The state Supreme Court is considering a case from southeast Missouri’s Stoddard County on whether a juror properly disclosed her previous involvement in litigation.

The Missouri Supreme Court Building in Jefferson City

In a $19 million wrongful death lawsuit against it, Fort Worth, Texas based BNSF Railway contends juror Kimberly Cornell intentionally failed to disclose that her son was killed in an auto accident, and that she was also involved in his wrongful death lawsuit.

BNSF attorneys were interested in the disposition of potential jurors in order to protect the company against possible bias.

Before trial, the court mailed a questionnaire to prospective jurors.  The form sent to Cornell misspelled her last name as Carnell.

She filled it out, claiming she’d never been a party to a lawsuit or made a claim against anyone, but didn’t correct the misspelled name.

Her name continued to be incorrect on subsequent documents, including on one used by BNSF attorneys to corroborate statements of potential jurors.

A deputy county clerk, Cindy Wheeler, became aware of the misspelling on the first morning of the trial when the jury was being selected, and says she informed an attorney on both sides of the case about the discrepancy.

BNSF says it wasn’t informed about the misspelling of Cornell’s last name until after the trial.  It contends it otherwise conducted a reasonable search to check the accuracy of potential juror statements.

The company claims there is no mention in any court records of the misspelling of Juror Cornell’s name before or during jury selection, or during the trial.

Attorney Booker Shaw argued on behalf of BNSF before the high court.  “It’s unreasonable to believe that there is no mention anywhere in this record, contemporaneous with such an unusual event, by the court or by the clerk that there was notification given to counsel, that counsel was given an opportunity or time to conduct this search,” said Shaw.

Attorney Michael Manners argued for Sherry Spence, the plaintiff in the wrongful death case.  Manners referenced post trial transcripts in noting that deputy county clerk Wheeler stated she informed attorneys on both sides prior to jury selection of the misspelling of Cornell’s last name.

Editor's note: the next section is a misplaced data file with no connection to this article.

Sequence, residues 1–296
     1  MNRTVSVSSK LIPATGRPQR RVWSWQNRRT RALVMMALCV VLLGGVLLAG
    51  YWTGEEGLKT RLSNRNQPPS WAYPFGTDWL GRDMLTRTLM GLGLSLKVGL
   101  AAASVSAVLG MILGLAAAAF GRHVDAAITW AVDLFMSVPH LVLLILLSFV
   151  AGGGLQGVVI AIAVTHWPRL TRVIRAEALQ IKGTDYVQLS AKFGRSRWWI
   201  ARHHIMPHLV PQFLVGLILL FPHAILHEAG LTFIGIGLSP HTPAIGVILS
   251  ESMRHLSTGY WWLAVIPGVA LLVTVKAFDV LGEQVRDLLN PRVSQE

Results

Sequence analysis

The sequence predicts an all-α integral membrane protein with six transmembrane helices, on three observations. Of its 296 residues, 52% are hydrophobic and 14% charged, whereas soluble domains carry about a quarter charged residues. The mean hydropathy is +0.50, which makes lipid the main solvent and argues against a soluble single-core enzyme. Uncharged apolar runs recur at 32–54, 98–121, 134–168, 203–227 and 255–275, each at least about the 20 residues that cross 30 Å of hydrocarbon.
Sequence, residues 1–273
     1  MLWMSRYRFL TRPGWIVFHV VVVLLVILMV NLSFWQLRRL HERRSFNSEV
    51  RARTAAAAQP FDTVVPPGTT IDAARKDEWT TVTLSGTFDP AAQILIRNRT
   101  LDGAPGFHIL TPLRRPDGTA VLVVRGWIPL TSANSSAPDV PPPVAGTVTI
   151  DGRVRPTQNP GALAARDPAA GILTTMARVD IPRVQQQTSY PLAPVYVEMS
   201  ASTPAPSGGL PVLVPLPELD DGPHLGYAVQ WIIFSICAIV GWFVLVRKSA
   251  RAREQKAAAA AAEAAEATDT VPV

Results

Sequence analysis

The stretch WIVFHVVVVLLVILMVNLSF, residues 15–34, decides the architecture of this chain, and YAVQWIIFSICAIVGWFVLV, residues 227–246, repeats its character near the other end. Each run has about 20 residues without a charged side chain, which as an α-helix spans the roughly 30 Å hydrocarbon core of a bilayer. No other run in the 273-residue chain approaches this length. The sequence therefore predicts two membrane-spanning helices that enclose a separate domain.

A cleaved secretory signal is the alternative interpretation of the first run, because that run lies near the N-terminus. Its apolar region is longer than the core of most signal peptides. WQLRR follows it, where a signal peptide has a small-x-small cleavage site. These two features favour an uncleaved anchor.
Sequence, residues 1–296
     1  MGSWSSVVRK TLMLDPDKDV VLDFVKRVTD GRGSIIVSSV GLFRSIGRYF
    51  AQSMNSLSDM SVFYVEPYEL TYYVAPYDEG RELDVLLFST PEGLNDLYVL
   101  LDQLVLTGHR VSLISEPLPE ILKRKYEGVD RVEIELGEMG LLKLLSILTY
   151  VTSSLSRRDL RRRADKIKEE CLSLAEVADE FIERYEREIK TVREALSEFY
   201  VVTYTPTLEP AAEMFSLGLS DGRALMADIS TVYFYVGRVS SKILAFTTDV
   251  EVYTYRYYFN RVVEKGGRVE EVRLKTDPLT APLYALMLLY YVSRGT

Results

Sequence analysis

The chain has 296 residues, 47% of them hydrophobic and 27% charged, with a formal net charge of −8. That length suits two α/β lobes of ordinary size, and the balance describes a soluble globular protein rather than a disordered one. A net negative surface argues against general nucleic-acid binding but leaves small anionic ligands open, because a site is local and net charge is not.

“Clearly, unequivocally they (BNSF) knew about it before the commencement of voir dire (jury selection),” said Manners.  “And we know from the record that it was four-and-a-half hours from the time voir dire (jury selection) until the jury was seated.”

Manners argued that attorneys for BNSF had ample time to corroborate the accuracy of potential juror statements through a web search, but acknowledged there was no verbal announcement recorded by a court reporter of the name discrepancy.

Spence brought the wrongful death lawsuit after her husband, Scott Spence, was struck and killed by a BNSF train on a railroad crossing on a county road in southeast Missouri’s Pemiscot County.

Spence filed a wrongful death case against BNSF and two employees – the engineer and conductor of the train.  The employees were later dropped from the suit.

The case went to trial in late April 2015.  In May of 2015, the trial court entered a judgement against BNSF, calling on the rail company to pay Spence $19 million plus court costs and interest at the rate of 5.25% per annum.

In December 2016, the Missouri Court of Appeals for the Southern District in Springfield reversed the trial court’s judgment.

The state Supreme Court is considering the trial court’s decision and will issue a decision at a later date.  BNSF is seeking a new trial in the case.